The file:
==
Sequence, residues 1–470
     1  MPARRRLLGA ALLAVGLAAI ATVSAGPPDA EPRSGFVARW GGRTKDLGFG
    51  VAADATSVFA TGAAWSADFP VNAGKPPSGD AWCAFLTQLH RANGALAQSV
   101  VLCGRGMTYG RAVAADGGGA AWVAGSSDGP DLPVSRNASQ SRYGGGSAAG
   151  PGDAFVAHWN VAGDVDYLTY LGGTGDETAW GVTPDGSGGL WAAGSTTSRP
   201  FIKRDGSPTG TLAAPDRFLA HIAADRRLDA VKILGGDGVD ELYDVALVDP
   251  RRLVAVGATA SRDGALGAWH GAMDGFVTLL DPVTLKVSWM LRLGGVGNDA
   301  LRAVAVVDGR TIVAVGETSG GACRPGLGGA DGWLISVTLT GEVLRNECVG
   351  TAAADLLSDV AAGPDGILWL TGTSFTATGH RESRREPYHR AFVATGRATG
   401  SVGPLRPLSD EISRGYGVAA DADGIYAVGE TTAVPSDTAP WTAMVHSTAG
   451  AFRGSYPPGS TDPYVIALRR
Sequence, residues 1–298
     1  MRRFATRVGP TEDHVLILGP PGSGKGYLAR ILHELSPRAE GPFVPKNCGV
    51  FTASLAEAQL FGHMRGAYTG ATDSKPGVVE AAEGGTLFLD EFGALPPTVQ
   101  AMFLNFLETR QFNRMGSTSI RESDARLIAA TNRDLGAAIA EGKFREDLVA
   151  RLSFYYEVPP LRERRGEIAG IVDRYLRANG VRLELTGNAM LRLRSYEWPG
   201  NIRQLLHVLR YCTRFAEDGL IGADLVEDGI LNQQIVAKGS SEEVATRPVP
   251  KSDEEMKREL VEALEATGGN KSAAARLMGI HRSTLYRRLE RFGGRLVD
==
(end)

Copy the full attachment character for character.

Sequence, residues 1–470
     1  MPARRRLLGA ALLAVGLAAI ATVSAGPPDA EPRSGFVARW GGRTKDLGFG
    51  VAADATSVFA TGAAWSADFP VNAGKPPSGD AWCAFLTQLH RANGALAQSV
   101  VLCGRGMTYG RAVAADGGGA AWVAGSSDGP DLPVSRNASQ SRYGGGSAAG
   151  PGDAFVAHWN VAGDVDYLTY LGGTGDETAW GVTPDGSGGL WAAGSTTSRP
   201  FIKRDGSPTG TLAAPDRFLA HIAADRRLDA VKILGGDGVD ELYDVALVDP
   251  RRLVAVGATA SRDGALGAWH GAMDGFVTLL DPVTLKVSWM LRLGGVGNDA
   301  LRAVAVVDGR TIVAVGETSG GACRPGLGGA DGWLISVTLT GEVLRNECVG
   351  TAAADLLSDV AAGPDGILWL TGTSFTATGH RESRREPYHR AFVATGRATG
   401  SVGPLRPLSD EISRGYGVAA DADGIYAVGE TTAVPSDTAP WTAMVHSTAG
   451  AFRGSYPPGS TDPYVIALRR
Sequence, residues 1–298
     1  MRRFATRVGP TEDHVLILGP PGSGKGYLAR ILHELSPRAE GPFVPKNCGV
    51  FTASLAEAQL FGHMRGAYTG ATDSKPGVVE AAEGGTLFLD EFGALPPTVQ
   101  AMFLNFLETR QFNRMGSTSI RESDARLIAA TNRDLGAAIA EGKFREDLVA
   151  RLSFYYEVPP LRERRGEIAG IVDRYLRANG VRLELTGNAM LRLRSYEWPG
   201  NIRQLLHVLR YCTRFAEDGL IGADLVEDGI LNQQIVAKGS SEEVATRPVP
   251  KSDEEMKREL VEALEATGGN KSAAARLMGI HRSTLYRRLE RFGGRLVD